We all have heard of a grand jury, but how they work, the purpose they serve, and how they differ from a trial jury, is sometimes a muddled and confusing. The difference between being a witness versus a target requires is significant and requires different legal skills to best protect you. If you are a target, the Government is aiming their sites on you – you are the person they seek to charge with crimes. If you are a witness, the Government plans to compel you to testify against others before the Grand Jury. Naturally, this is precarious if the Government is fact-finding and they may later conclude you are a target too. You also have the right to assert the Fifth Amendment if you may be subject to criminal liability. It is imperative you talk to an attorney as soon as you are first questioned by any agents or if you receive a subpoena to attend and testify so you can best insulate yourself against liability. At the Shaw Law Group, we have experience in all of these situations at both County and State level Grand Jurys.
Grand juries are written into the U.S. Constitution under the 5th Amendment which serves to safeguard the accused of unwarranted charges by the government. The 5th Amendment declares, “No person shall be held to answer for a capital or otherwise infamous crime, unless on a presentment or indictment of a Grand Jury ….”
A grand jury is like a test jury, in that people from the community are selected to serve on the jury. However, a grand jury may serve much longer (18 months to two years) and meet only once a week, as opposed to daily. They may be considering multiple cases at the same time. The purpose of the grand jury is not to determine whether a person is guilty or innocent or whether they committed the crime in question, but whether there is ample evidence to bring forth charges for a crime. Even if the Grand Jury sitting on a matter does not vote to move forward with a criminal case, a prosecutor could still pursue charges through a preliminary hearing. Once a case is filed following a Grand Jury Presentment, it follows generally the same general process in Court as crimes filed without the use of a Grand Jury.
A grand jury has a wide range of power to issue subpoenas and call witnesses and physical evidence. It is done in secret. Witnesses have limited rights and can easily become targets.
In Pennsylvania, a grand jury can begin at the county level by a prosecutor who submitting an application to a presiding judge to summon a grand jury. It can also begin at a multi-county level (also known as state level) by the Pennsylvania Attorney General’s request to the Pennsylvania Supreme Court.
Our experienced attorneys have vast experience with Grand Jury proceedings both at the County and State level. Attorney William A. Shaw has litigated cases in the statewide Grand Jury for criminal and white-collar crime matters. Attorney Stacy Parks Miller convened and ran the first Centre County Grand Jury where she handled numerous cases including but not limited to the nationally known Tim Piazza hazing case at Penn State University. She also has represented clients in statewide drug enterprise cases and white-collar crime cases involving elected officials in the Statewide Grand Jury.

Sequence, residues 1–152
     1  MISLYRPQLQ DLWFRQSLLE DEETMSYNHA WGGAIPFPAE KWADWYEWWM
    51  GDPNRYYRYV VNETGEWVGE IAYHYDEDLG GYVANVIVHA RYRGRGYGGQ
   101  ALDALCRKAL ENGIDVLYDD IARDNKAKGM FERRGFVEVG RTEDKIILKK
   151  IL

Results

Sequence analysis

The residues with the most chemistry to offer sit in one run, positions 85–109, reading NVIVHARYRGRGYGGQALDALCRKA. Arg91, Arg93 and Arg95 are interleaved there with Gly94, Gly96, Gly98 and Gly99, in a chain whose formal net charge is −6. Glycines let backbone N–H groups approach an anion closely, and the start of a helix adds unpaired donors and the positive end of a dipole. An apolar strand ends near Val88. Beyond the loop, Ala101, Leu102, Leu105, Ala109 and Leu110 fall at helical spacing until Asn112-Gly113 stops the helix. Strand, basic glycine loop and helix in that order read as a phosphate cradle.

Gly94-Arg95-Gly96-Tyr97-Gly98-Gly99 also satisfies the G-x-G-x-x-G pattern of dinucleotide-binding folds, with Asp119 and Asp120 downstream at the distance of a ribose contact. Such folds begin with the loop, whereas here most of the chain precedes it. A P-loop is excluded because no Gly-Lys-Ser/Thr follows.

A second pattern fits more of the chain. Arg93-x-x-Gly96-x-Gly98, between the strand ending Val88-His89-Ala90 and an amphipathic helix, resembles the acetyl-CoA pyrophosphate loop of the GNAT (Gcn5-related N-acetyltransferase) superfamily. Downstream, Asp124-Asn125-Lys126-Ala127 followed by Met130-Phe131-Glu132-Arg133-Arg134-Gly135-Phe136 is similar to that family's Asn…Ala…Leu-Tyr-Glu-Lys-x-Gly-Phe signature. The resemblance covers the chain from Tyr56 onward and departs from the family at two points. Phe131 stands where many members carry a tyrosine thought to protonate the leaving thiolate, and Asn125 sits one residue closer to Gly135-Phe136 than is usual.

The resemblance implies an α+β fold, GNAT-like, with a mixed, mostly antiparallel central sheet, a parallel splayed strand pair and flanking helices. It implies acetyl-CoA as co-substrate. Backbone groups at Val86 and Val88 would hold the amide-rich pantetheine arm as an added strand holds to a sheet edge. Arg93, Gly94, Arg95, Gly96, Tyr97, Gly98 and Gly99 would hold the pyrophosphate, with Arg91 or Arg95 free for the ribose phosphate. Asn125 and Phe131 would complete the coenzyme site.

Types of crimes that may provoke a grand jury at the County level are any crimes where special tools of a Grand Jury are needed. Types of crimes that may be heard at the Statewide level include drug trafficking and political corruption crimes. At the Shaw Law Group, we have experience representing witnesses and people indicted under a grand jury in all of these scenarios. We can help defend your rights and guide you through the process while vigorously defending your rights.
A U.S. Federal Grand Jury and a state grand jury operate under different rules. Pennsylvania rules are different from Federal rules, even though Federal grand juries and courts operate inside Pennsylvania. Types of crimes that may be analyzed through a Federal Grand Jury include only crimes with Federal jurisdiction, including multi-state drug distribution organizations and Possession or Dealing in Child Pornography on the internet. If you are indicted under a Federal Grand Jury in Pennsylvania, the Shaw Group can defend you. Attorney William A. Shaw., Jr is licensed to represent you and practice law under the U.S. Federal Court system. Our attorney – Stacy Parks Miller – has previously been appointed to represent federal defendants in drug cases.
If you were indicted under a grand jury, you still have plenty of rights and options to explore in order to defend your rights and freedom. You may be able to assert your Fifth Amendment rights to avoid testifying depending on the facts. A presentment is not a conviction and you have the right and ability to fight back with the Shaw Law Group at your side.
It is imperative that you speak with one of our experienced Attorneys as soon as you know you are either a witness or a target to a Grand Jury matter —For a Free Consultation Call 814-762-0004.
The Shaw Law Group has successfully represented clients facing grand jury indictments can help you understand your rights and legal options. It is very easy to self-incriminate if you do not have an attorney present when speaking to a grand jury or prosecutors. Our lawyers provide a strong defense in all types of Grand Jury cases, whether you are a victim or a target.